Why Writing Fiction Matters

A global lockdown could be the best time to write or the worst.

Maybe you’re loving the fact that you don’t have to run errands or attend physical meetings. Maybe you’re hating the sudden change to your routine; the fact that everyone is home, and that your finances have been upended.

I’m a member of a private writing group on Facebook that has approximately 5,000 members; recently, someone posted about how they were struggling to write during this uncertain time and they wanted to know how everyone else was going.

Some authors shared that they had to put current projects aside because of their subject matter (climate change/global collapse/apocalypse), others were ‘on and off’, having both good days and bad, while other confirmed that their lives were largely unchanged and that their life was carrying on as normal (mostly).

If you fall into one of the first two camps, I am sure you’ve had at least some of the following thoughts: What is the point in writing? The world doesn’t need my story. My story can’t make this situation better, so writing it is a waste of time.

Here’s the things guys, this situation is not going to last forever. Thankfully.

If you are struggling with any kind of hardship, writing will be difficult.

If you are experiencing financial uncertainty, if you or your family is sick, or working in high-risk occupations, then writing will be difficult right now.

Of course, it’s hard to write your novel if you aren’t sure how you’re going to pay your rent.

If you can relate to any of these scenarios, then go easy on yourself.

Do what you can, when you can, and if you can’t write because other things need your attention (*cough, cough* Centrelink *cough*cough*) or because you’re consumed with worry about [X], then that’s okay.

Life is weird right now. Don’t hold yourself to your normal standards.

However, if you fall into the latter camp and your life is relatively stable, and yet you too are grappling with these questions of validity, here’s some thoughts that may help you.

How would you feel if the book industry collapsed, Amazon folded, and libraries shut their doors? How would you feel if all the novels that lined your bookshelf disappeared? Would you be willing to live in a world that didn’t have any books?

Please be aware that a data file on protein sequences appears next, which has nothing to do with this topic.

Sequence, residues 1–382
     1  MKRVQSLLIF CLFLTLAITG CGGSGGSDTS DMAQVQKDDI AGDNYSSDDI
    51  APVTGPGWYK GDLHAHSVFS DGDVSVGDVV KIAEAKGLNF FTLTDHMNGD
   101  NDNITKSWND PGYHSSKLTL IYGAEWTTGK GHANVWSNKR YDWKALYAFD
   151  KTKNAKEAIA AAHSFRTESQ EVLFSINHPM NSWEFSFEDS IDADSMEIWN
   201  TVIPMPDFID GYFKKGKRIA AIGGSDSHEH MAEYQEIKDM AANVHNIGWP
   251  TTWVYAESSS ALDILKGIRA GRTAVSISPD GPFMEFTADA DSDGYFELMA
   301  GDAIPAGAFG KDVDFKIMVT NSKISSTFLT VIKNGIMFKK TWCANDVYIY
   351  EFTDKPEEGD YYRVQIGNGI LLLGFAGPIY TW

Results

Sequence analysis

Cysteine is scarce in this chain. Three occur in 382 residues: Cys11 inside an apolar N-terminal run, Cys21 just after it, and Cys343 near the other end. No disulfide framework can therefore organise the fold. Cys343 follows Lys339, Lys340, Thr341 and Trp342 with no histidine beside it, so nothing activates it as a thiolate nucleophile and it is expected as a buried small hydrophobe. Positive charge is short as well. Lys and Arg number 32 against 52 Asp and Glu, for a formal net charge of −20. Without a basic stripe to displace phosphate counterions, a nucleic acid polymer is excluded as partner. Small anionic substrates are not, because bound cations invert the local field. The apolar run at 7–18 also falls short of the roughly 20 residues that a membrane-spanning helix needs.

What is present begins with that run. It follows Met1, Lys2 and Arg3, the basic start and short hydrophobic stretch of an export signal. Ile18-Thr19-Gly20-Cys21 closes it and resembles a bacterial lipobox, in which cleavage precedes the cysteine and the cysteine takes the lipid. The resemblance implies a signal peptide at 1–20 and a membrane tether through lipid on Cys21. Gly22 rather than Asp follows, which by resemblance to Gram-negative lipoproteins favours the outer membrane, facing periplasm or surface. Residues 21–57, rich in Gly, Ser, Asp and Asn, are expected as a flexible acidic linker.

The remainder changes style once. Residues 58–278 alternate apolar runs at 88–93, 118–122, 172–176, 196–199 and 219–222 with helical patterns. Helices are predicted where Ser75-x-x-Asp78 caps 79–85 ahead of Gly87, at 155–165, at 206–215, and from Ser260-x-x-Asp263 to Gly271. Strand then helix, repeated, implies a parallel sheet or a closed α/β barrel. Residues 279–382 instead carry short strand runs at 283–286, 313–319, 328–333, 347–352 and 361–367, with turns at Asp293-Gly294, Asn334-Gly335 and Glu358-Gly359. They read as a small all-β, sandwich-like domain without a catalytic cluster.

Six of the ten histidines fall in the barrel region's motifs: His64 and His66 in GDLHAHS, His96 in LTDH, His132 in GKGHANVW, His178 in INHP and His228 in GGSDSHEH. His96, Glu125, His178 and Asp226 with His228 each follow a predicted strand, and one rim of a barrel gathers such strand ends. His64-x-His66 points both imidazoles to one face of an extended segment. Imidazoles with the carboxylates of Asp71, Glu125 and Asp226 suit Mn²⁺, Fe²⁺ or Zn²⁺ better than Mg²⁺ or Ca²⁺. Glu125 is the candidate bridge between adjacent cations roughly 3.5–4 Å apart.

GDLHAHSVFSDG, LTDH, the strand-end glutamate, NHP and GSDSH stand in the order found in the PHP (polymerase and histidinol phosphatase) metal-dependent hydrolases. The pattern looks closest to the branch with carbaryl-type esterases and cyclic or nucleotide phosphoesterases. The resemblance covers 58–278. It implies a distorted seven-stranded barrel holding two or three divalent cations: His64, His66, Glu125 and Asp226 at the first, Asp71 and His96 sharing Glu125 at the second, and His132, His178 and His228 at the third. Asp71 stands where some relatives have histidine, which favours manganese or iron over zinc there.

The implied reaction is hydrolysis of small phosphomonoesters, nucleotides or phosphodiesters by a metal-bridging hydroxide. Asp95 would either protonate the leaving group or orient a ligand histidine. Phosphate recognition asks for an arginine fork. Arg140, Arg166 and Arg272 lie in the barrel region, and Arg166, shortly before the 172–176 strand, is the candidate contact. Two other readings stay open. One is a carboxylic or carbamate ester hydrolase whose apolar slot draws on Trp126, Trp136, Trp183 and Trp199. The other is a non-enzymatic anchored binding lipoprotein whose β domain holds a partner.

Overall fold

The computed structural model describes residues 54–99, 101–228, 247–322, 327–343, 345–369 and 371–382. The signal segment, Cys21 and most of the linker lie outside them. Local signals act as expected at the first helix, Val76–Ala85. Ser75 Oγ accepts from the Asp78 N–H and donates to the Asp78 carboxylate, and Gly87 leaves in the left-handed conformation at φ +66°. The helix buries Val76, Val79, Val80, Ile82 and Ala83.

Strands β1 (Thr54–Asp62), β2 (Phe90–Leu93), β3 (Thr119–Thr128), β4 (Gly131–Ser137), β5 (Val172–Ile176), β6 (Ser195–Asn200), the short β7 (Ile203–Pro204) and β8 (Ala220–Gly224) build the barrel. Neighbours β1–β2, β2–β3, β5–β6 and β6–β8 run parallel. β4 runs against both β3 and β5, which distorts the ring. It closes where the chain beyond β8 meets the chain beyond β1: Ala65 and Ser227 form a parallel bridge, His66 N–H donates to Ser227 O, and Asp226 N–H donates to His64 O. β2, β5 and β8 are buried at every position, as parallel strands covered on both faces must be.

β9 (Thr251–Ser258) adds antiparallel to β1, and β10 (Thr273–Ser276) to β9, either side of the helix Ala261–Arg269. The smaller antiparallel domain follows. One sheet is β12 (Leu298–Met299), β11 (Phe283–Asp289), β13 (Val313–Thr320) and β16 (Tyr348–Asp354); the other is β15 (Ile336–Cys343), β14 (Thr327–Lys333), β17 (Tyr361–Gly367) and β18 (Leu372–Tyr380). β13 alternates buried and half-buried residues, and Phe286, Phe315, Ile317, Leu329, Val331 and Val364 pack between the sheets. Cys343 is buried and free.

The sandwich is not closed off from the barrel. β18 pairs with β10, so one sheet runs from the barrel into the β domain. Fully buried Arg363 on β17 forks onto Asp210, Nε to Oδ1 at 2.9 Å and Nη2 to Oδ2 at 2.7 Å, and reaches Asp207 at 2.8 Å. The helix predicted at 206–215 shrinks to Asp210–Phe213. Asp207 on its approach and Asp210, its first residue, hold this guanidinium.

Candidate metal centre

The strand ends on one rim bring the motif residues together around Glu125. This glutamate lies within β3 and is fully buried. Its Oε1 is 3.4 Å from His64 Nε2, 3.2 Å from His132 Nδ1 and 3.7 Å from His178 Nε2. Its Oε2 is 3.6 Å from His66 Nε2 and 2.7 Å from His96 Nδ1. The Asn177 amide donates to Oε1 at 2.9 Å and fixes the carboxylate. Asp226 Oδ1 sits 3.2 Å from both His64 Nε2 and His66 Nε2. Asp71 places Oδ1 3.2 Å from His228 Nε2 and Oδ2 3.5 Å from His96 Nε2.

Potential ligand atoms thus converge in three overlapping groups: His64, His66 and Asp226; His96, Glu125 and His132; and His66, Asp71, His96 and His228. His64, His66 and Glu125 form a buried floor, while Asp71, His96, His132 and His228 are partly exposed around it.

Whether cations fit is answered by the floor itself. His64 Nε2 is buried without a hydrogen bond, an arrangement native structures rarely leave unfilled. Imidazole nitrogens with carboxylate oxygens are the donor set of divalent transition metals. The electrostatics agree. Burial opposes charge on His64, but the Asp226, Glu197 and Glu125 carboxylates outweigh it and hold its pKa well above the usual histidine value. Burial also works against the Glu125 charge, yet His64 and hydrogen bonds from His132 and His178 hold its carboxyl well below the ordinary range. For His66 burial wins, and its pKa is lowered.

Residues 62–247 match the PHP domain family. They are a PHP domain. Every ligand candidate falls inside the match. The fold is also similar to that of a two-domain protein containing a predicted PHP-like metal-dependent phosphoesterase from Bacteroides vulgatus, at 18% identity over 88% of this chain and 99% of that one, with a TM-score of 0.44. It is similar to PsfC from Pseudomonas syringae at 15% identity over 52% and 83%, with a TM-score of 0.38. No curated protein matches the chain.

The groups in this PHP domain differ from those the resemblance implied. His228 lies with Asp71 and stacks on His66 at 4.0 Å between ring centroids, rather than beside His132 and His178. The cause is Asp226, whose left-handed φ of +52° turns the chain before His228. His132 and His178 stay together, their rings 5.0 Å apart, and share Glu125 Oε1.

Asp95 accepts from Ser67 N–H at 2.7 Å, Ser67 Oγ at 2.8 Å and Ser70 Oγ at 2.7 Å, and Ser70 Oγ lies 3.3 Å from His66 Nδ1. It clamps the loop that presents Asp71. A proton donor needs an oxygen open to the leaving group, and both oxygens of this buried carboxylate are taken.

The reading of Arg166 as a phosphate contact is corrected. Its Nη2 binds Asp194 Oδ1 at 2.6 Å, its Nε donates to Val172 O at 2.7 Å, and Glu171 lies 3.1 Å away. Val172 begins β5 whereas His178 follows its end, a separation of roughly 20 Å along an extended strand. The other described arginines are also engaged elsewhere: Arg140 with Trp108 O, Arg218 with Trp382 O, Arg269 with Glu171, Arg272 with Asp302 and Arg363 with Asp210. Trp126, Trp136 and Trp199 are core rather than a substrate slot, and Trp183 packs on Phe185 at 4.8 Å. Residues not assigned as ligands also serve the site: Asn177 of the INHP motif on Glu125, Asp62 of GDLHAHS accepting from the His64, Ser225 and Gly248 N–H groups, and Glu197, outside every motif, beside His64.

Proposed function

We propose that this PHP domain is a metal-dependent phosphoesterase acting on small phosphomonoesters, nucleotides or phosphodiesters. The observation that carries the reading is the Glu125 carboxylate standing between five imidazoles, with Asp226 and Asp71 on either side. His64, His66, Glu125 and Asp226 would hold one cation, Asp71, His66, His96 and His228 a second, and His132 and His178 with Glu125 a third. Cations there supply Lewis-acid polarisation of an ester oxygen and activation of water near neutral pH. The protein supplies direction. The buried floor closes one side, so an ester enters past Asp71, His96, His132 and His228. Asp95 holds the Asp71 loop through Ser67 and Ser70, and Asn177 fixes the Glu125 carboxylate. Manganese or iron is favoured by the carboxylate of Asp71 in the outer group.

I am guessing no.

So, why is that? What do books give you that is so valuable you wouldn’t be willing to live without them?

Books have all kinds of functions.

They offer entertainment, and provide insight.

They make you feel something.

They teach you stuff.

They articulate thoughts, feelings, and experiences that you have had, but didn’t know how to put into words.

You meet people who are just like you and nothing like you.

You get to walk around in someone else’s world and live through their problems with no responsibility to solve them.

Books do lots of things, just as all art does lots of things.

Our need to make art, to tell stories, to perform, and to create music is ancient.

We write stories in order to process events and circumstances around us. We write stories because a topic has intrigued us, it keeps us awake at night, and we want to know more.

In times of crisis, artists often wonder, what is the point? But the thing is, if you stop making art, how will future generation know what our collective and/or cultural attitudes were? How will they know what we were thinking or feeling?

I am all for art for arts sake, but if you need a ‘legitimate’ reason, a full-blown permission slip in order to write your story, here it is: Art is a record.

Your stories, regardless of their content, are a part of history.

Maybe you’ll only sell 100 copies of your book, but that’s okay. Maybe your novel won’t influence the zeitgeist or become the poster child of an era, but so what?

The world needs your stories anyway, happy or sad, in good times and bad.

There’s no shame in creating art. The only shame would be if we all came out of lockdown and you were left thinking, ‘but wait! I actually wanted some extra time to finish this story!’

This lockdown won’t last forever, but if you want to make the most of this time, then start now. Set a word count, dedicate an afternoon, make a mini-goal and pick out a reward for when you are done.

All progress is good progress.

Art has a purpose. Whatever purpose you want to give it.


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